Save Money on Emergency Preparedness by Making Your Own Kit

12 July 2015


Preparing for emergencies is not something that most people do, but is something that definitely should be done.  With the exception of a emergency preparedness kit in my car (that was already pre-packaged), I, like most people, am guilty of not preparing myself if an emergency were to ever happen.  According to a survey done by American Family Safety (unfortunately with American data, but I expect that this data can be extrapolated to us Canadians) over 80% of Americans would be worried about their family members in the event of an emergency, but only 13% of Americans surveyed have an emergency preparedness kit of some sort with essential supplies.  Here are some ways to save money on an emergency preparedness kit.

Pre-made Emergency Preparedness Kits

Of course you can save the time and hassle of preparing your own emergency preparedness kit by simply purchasing a pre-made one.

The Canadian Red Cross has a lovely emergency preparedness kit that is very well stocked in a red backpack.  It however costs $59.95, which is pretty reasonable considering it includes a backpack and a first aid kit, not including shipping.  It provides enough supplies for the first 72 hours of an emergency for you and your family.  Unfortunately it doesn't include all the food that would be necessary.

In addition, has an emergency preparedness kit suitable for four people for just under $150 a kit and it includes shipping and handling.  The cool thing about this one from Costco is that it has a colouring book and crayons for your kids to keep them busy.  The other great thing about this is that the food and water rations have a 5 year shelf life (which means less work for you to upkeep the kit).

If you don't have $59 or $150 to spare for something that you will use "in case" (well, better never used, I suppose), here is what you can do to make your own emergency preparedness kit.

What You Need to Make your Own Emergency Preparedness Kit to Save Money

Get Prepared (a Canadian government website) has a great checklist that you can use to check off the items needed in your 72 hour Emergency Kit.  The main things that you need are water (at least 2 litres per person per day in your family), food (non-perishable such as canned foods, energy bars, or dried fruit and nuts), and a flashlight (ideally one that does not require a battery to operate or one with batteries), a can opener, a battery powered wind-up radio, a first aid kit, and an warm lightweight blanket (the ones that reflect light to keep you warm e.g., mylar or emergency foil).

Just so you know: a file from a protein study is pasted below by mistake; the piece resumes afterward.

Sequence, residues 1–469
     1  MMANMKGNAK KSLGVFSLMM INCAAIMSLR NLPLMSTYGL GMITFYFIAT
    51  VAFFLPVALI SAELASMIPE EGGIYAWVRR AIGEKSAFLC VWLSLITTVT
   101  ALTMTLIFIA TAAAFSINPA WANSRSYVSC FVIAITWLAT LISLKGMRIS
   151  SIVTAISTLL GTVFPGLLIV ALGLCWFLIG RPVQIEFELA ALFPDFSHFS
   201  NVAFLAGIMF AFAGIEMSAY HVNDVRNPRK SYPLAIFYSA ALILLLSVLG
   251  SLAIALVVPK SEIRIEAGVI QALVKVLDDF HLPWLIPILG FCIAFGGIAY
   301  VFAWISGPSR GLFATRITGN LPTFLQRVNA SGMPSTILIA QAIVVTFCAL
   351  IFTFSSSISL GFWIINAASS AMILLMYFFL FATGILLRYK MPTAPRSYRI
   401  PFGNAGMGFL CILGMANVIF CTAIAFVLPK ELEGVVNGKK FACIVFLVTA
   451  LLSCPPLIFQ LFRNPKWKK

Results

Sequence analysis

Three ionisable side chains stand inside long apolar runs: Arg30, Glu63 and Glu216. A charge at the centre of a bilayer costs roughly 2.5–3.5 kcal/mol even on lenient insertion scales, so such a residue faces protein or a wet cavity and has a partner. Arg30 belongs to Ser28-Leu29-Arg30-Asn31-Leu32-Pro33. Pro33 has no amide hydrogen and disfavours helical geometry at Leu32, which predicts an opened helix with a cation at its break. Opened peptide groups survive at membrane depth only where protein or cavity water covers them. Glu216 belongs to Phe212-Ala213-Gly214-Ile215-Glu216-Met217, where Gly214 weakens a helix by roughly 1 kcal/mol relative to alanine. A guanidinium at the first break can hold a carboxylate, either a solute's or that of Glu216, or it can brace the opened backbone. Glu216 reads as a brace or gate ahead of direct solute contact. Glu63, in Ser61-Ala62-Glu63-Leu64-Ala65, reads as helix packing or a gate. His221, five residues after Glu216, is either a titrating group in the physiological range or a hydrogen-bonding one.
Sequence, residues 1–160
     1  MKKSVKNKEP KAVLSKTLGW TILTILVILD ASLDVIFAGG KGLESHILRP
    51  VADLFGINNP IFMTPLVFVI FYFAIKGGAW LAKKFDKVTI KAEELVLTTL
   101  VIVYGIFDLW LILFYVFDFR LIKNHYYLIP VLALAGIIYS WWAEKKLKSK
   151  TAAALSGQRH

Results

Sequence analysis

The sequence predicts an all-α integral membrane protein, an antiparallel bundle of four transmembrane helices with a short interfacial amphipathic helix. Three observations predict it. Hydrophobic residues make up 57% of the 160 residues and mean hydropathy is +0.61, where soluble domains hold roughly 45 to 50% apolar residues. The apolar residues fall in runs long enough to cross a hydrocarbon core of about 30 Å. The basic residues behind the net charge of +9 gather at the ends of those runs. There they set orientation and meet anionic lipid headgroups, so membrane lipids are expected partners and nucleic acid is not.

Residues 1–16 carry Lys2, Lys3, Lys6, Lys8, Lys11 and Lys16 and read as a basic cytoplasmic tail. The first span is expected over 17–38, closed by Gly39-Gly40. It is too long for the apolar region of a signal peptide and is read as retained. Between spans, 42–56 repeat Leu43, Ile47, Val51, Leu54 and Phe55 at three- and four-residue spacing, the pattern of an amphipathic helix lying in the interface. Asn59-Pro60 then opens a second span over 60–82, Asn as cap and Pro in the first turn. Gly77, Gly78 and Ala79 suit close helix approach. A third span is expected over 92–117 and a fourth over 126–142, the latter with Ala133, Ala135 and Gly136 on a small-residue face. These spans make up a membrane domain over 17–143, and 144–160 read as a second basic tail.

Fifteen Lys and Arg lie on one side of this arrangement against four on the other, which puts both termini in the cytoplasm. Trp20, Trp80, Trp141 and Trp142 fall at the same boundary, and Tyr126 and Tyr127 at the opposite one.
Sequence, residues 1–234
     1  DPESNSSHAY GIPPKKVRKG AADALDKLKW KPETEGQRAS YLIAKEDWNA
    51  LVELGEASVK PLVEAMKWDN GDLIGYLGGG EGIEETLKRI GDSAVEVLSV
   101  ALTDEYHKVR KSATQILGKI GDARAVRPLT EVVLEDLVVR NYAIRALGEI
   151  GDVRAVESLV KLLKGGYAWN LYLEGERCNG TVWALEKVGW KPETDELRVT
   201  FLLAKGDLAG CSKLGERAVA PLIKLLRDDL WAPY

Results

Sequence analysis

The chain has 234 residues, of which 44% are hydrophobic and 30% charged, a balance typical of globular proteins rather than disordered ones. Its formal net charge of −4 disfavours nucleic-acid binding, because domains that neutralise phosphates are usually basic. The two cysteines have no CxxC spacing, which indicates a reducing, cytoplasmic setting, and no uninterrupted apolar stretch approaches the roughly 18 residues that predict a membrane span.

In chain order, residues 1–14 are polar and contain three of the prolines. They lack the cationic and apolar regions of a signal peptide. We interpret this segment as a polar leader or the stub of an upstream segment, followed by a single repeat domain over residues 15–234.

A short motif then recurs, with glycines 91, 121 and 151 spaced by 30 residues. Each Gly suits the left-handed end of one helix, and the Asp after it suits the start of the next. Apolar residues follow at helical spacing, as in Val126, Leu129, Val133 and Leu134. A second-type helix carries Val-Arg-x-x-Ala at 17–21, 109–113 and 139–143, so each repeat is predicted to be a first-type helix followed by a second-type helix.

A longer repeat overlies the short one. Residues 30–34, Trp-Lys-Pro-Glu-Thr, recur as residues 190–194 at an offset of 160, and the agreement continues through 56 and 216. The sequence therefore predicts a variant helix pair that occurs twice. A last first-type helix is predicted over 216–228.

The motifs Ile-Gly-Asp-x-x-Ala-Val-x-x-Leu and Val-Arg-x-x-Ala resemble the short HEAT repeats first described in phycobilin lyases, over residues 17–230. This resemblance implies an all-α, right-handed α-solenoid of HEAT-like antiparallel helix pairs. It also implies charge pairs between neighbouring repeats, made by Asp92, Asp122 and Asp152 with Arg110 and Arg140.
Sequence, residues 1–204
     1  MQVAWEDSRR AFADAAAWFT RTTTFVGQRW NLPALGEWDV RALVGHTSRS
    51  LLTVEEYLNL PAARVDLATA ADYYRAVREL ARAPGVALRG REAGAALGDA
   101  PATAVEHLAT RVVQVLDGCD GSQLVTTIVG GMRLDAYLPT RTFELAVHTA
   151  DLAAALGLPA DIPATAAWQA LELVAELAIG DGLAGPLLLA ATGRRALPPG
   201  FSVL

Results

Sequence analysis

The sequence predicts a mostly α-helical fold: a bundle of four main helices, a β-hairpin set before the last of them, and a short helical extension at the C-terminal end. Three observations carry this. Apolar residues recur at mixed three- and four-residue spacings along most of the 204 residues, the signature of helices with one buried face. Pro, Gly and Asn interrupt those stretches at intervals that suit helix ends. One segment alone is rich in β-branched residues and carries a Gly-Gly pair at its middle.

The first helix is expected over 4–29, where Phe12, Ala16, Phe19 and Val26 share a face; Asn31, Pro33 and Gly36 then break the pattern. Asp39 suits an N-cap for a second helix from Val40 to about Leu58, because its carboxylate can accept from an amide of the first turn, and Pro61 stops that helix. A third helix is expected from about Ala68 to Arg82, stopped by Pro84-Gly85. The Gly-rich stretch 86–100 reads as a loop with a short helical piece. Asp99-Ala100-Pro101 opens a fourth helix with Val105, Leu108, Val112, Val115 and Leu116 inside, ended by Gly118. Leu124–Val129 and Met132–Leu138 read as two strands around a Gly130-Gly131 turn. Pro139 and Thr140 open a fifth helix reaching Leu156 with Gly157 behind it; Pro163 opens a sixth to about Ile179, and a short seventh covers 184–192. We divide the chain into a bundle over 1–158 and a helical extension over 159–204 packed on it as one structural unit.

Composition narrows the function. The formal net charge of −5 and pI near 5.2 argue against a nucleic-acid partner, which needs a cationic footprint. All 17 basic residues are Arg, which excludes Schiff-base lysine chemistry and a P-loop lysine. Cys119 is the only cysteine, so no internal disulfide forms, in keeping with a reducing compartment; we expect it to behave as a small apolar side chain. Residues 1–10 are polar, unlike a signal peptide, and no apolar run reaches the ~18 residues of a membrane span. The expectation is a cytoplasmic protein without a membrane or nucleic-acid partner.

For the food and water portion of your DIY emergency kit for four people, it is important to remember to replace these annually.

  • 20L Gallon container $9.50  (Canadian Red Cross)
  • Canned meat (Spam or Corned Beef may be a good option here) for those who eat meat ($10 worth)
  • Dried nuts or trail mix in a sealed bag ($10 for a bag)
  • Granola bars (something with protein, Clif bars may be a good option $12 for 12 bars)
  • Canned pasta or soups ($10)
  • 4 thermal blankets ($1.80 each from Canadian Red Cross)
  • 8- 12 hour hand warmers ($1-2 each)
  • Flashlight with batteries (can be bought at your local dollar store)
  • Can opener (at your local dollar store)
  • First Aid Kit (main things to include are gauze, normal saline, alcohol wipes, tweezers, band-aids, gloves, antiseptic towlettes, and a sling bandage/ compression bandage)
  • 4 dust masks (can be found at your local hardware store)
  • Garbage bags, Ziplock bags
  • Waterproof matches, emergency whistles, nylon rope can be found at your local camping store
  • Hand sanitizer (local dollar store)
  • Rain ponchos (your local dollar store may have some)
  • Hand crank radio- this is the most expensive item ($40), check out the Canadian Red Cross for some of these
  • Personal hygiene items (like sanitary pads)

These are just some of things that you might want to have in your own 72 hour emergency preparedness kit.

The above DIY kit will cost you about $100, but you can just omit things that you don't need, like for example, a dust mask or hand warmers, or rain ponchos.

Not Only Do you Need a Kit, You also Need a Plan

Emergency contact numbers, a plan of where to meet and how is also important to discuss with your family.  The kit should also have a photocopy of your family's important documents  and some cash in small denominations.

Bargainmoosers, do you have an emergency preparedness kit?  Did you buy it or DIY?

Photo credit: Matthew Rogers

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